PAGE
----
Technology can become a distraction
Director of Brand Strategy at Little Dot Studios, Jade Raad: “Like modern life, technology and innovation is in many cases there to help us do things quicker, more efficiently, cheaper, better. But in many instances, technology can also hinder and become a distraction limiting thinking and often restricting creative. We have to remember that marketing at its core is about influence through human connection. Technology needs to compliment it and not blindside us.”
Tech is critical but limited
CMO of Outbrain, Paul Knegten: “[Tech is] critical, but it’s limited. Necessary but insufficient. Marketers are tasked with trying to rewire the connections of synapses in people’s brains. That’s not a simple math equation we can solve; it’s an emotional, personal, often intangible result we’re trying to influence with our marketing.”
Technology helps with accuracy
Sprout Social’s Head of Marketing, Cat Anderson: “Technology is modern marketing – and vice versa! In terms of calculating ROI and impact, of course there’s still a place for above the line or traditional marketing efforts, but compared to the precise insights you get with digital efforts, I find them impossible to compare.
I used to work in a traditional advertising agency and never could get my head around the vague ROI reports that would be created based on radio and TV ads or outdoor billboards. Understanding how, why and when your audience interacts with your marketing is integral – and it simply didn’t exist with any degree of accuracy before technology entered the scene.”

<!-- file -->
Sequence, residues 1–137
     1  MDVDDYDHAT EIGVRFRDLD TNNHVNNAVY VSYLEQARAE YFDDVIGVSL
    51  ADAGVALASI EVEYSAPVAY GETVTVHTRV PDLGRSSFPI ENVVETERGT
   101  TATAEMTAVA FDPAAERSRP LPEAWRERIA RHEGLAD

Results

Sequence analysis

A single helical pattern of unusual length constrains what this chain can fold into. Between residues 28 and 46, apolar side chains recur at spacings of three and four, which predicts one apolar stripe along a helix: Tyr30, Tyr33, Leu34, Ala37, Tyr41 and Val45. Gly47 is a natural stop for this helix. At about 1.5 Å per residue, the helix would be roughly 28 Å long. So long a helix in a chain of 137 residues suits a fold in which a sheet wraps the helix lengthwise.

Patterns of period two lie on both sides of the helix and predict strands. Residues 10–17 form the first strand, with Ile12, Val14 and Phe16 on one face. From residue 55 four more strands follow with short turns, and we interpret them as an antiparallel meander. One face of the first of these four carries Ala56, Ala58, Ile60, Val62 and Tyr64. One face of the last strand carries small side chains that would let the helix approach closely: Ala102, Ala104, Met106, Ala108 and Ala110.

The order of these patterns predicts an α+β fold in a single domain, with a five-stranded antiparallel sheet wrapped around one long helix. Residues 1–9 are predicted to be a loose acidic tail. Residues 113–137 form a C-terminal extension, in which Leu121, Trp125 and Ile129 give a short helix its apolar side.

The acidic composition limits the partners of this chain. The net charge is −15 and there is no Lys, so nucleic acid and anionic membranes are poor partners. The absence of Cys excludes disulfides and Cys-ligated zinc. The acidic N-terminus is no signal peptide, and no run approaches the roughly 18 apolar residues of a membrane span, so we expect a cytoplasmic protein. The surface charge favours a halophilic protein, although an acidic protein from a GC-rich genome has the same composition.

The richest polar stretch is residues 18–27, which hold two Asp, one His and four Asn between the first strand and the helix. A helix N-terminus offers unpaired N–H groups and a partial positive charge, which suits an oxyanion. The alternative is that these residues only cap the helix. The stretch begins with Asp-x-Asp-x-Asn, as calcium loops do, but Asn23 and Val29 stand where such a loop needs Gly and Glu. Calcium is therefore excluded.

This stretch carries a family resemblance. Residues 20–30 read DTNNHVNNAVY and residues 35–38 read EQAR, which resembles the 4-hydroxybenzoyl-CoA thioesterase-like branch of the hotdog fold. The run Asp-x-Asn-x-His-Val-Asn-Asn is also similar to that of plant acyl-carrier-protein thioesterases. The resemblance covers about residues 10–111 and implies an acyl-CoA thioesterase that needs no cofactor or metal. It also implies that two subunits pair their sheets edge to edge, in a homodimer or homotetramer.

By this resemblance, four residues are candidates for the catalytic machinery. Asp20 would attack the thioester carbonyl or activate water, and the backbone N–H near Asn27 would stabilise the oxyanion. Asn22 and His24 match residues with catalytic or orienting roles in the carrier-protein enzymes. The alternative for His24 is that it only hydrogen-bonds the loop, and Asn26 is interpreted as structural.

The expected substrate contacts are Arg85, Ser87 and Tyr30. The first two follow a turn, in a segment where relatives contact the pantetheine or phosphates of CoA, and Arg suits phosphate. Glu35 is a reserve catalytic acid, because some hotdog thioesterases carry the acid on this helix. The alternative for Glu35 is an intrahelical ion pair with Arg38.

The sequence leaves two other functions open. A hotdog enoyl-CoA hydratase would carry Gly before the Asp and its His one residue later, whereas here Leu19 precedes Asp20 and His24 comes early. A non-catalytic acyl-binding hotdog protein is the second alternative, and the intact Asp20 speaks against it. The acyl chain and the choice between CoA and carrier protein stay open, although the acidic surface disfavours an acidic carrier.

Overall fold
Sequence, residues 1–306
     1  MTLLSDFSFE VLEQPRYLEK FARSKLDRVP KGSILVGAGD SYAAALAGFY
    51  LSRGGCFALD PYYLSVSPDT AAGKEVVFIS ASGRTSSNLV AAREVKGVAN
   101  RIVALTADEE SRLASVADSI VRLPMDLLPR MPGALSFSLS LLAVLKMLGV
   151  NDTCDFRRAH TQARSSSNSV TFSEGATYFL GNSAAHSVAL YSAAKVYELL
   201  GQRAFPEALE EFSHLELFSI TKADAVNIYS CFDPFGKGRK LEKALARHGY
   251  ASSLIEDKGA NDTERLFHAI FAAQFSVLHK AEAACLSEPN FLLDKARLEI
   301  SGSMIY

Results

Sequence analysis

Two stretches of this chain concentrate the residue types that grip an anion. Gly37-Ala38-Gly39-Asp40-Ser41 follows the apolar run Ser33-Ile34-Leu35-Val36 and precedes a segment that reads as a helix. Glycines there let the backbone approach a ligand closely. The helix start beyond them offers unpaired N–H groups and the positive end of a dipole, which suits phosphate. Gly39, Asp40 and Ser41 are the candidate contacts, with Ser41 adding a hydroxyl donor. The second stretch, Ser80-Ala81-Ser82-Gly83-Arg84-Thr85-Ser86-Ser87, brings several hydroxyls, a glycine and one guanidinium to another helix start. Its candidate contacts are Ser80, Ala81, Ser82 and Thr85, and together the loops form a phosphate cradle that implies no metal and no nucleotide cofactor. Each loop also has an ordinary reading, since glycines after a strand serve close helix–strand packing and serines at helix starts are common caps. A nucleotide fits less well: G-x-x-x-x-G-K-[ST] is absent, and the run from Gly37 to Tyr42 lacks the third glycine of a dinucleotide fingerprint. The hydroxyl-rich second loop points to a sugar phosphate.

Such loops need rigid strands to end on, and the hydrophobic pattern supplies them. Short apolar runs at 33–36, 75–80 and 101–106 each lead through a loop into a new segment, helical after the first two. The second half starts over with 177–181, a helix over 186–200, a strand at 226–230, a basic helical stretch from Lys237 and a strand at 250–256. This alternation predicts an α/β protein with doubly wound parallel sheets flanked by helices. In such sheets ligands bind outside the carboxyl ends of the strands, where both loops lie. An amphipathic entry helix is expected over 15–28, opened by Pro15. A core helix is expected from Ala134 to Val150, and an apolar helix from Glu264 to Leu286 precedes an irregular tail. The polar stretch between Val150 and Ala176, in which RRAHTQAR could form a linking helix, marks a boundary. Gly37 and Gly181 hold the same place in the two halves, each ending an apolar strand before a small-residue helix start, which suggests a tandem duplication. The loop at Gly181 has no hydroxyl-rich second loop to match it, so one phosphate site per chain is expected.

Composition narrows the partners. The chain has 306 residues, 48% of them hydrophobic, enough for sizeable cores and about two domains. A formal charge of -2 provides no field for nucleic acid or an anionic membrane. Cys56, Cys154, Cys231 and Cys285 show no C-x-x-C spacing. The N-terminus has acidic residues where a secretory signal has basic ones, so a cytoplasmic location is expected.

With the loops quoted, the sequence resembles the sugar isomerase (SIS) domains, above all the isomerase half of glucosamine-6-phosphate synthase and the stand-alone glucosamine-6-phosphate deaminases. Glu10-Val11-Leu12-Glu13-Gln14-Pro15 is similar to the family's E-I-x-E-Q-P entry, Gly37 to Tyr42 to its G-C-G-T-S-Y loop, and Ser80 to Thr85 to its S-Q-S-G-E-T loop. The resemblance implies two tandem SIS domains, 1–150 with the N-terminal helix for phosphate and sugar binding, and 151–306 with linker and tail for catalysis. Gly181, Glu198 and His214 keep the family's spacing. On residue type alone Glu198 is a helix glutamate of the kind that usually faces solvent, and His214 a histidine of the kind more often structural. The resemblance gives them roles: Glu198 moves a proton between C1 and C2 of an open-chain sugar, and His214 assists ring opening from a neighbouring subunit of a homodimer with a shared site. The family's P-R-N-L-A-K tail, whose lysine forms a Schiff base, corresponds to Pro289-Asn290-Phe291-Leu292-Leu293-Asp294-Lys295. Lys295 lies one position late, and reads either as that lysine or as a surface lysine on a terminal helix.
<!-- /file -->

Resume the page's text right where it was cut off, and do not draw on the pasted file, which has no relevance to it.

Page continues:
Technology is still second to marketers
Nate Skinner, CMO at Onfido: “Technology is critical to modern marketing but it still comes second to marketers who can put themselves in their customers’ or prospects’ shoes, and educate them on how a product or service can help them. Fundamentally, if technology evolves to this point – it will be a game-changer in marketing. But as it stands, it needs to be used by professionals who can understand a customer problem and demonstrate how digital can accelerate the solution.”
Tech helps marketers deliver the right message at the right time
Karen Budell, VP Marketing at Momentive: “We can’t know everything all the time, and we turn to technology for most of our information. Technology fuels many facets of modern marketing. This ranges from traditional advertising like out-of-home to running digital campaigns. Technology also helps brands from B2C to B2B track brand health and deliver content to their key audiences. The amount of time spent on mobile phones and connected devices also continues to increase. Technology helps marketers deliver the right message at the right time. And, it also helps us better understand the right people to reach. Even with GDPR and data-privacy laws, the data behind modern marketing tools is essential to being an effective marketer.”